Many people think that necking a cocktail will help them relax, but it turns out the relationship between stress and booze is a two-way street.
Drinking alcohol results in an alcohol use disorder (AUD) when consumption becomes excessive and dependence develops. Both stress and anxiety can contribute to the development of an AUD. Chronic stress can increase drinking, and chronic drinking can elevate anxiety and dysregulate normal responses to stressors.
Behavioural flexibility and adaptive behaviour - essential for controlling excessive drinking - are core functions of the prefrontal cortex (PFC), this study used mice to examine the effects of combined alcohol and stress exposure on PFC function.
Researchers trained adult male mice to drink alcohol (15% v/v) on a one-hour-per-day/one-bottle schedule.
Once their drinking was stable, mice were exposed to cycles of chronic intermittent alcohol or air vapor, followed by test cycles of one-hour-per-day drinking. Four hours before each test, the mice were exposed to either no-stress, or 10 minutes of forced swim stress.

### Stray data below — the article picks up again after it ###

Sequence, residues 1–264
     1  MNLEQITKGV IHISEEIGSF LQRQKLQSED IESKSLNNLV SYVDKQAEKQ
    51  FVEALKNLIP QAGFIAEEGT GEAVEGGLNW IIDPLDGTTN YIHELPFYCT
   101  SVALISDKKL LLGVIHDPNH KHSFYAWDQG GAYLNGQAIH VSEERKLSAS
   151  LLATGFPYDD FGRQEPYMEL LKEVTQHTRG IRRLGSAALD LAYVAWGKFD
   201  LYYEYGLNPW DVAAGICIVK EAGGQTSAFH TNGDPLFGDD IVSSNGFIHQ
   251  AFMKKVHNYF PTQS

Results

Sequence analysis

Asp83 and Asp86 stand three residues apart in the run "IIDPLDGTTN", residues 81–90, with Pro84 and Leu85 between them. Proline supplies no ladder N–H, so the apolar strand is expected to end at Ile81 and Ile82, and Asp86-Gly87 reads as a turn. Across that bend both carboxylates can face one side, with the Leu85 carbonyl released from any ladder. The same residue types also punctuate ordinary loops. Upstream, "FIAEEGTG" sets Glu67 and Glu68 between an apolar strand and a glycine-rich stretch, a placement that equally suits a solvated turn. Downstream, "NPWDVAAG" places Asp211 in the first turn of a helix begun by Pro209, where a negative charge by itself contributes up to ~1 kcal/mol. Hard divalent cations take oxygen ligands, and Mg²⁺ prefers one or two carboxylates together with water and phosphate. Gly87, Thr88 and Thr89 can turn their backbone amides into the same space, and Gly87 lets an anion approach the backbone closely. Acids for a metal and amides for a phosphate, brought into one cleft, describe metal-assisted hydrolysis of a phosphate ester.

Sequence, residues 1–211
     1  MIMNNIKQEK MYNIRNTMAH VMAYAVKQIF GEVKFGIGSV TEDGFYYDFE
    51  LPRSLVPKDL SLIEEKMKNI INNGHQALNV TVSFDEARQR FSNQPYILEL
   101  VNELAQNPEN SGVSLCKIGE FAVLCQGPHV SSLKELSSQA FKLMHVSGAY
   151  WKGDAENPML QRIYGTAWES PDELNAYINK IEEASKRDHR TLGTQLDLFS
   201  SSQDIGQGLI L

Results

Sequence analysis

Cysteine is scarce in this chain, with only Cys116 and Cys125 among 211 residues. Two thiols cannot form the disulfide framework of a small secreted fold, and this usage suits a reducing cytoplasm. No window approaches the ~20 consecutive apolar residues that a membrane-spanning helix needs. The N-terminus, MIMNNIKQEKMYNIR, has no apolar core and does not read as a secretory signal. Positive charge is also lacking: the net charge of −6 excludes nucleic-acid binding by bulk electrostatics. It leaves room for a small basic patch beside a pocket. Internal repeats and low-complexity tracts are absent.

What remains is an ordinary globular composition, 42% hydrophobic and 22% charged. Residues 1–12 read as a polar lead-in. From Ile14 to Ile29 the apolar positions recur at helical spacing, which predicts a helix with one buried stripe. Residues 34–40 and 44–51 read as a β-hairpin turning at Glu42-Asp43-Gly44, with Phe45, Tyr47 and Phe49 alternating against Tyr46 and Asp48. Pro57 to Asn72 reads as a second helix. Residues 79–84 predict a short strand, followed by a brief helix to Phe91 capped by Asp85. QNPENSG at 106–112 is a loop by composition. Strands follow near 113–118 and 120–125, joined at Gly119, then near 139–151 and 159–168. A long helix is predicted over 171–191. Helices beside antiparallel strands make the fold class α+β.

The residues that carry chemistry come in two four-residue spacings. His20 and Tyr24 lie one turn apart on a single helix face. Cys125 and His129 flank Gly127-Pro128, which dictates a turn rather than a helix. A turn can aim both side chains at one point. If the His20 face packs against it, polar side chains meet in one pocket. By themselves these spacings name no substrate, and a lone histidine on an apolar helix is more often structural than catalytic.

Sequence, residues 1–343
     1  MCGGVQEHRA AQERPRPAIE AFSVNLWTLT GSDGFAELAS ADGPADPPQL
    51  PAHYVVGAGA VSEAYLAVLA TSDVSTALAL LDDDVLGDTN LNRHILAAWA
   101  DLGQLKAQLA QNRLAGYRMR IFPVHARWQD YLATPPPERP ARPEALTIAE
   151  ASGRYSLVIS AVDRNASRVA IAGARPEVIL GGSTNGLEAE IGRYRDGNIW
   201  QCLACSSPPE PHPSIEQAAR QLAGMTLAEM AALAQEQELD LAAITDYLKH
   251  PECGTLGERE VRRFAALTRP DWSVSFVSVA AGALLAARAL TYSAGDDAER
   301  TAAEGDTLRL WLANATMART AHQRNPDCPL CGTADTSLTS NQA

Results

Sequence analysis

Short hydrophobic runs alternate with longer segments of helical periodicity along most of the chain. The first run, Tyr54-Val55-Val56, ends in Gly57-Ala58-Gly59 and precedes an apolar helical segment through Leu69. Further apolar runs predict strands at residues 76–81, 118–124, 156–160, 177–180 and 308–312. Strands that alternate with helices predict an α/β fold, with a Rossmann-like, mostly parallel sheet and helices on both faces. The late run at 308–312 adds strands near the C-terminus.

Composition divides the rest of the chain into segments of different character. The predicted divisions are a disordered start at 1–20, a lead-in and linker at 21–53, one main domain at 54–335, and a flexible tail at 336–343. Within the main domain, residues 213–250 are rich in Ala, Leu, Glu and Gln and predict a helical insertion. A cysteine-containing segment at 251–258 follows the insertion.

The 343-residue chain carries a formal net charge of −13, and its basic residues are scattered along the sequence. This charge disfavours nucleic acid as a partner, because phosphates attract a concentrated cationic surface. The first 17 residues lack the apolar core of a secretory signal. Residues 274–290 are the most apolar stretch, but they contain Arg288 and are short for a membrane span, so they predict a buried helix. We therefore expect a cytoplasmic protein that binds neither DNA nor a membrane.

After two cycles of exposure, the study authors assessed PFC-dependent cognition, and at the end of the study, the mouse brains were examined for markers of neural activity.
The researchers found evidence of rapid disruptions in signaling across cognitive networks and impairments in two tests of PFC-dependent cognitive function in mice exposed to both alcohol and stress.
Identifying the cognitive consequences of stress and alcohol may make it possible to develop treatments for AUD that work by restoring cognitive control over drinking behaviour.
Future research should examine gender-specific changes in cognition and neural function associated with the interaction of alcohol and stress, as demonstrated in male mice here.
The study appears in journal Alcoholism: Clinical and Experimental Research.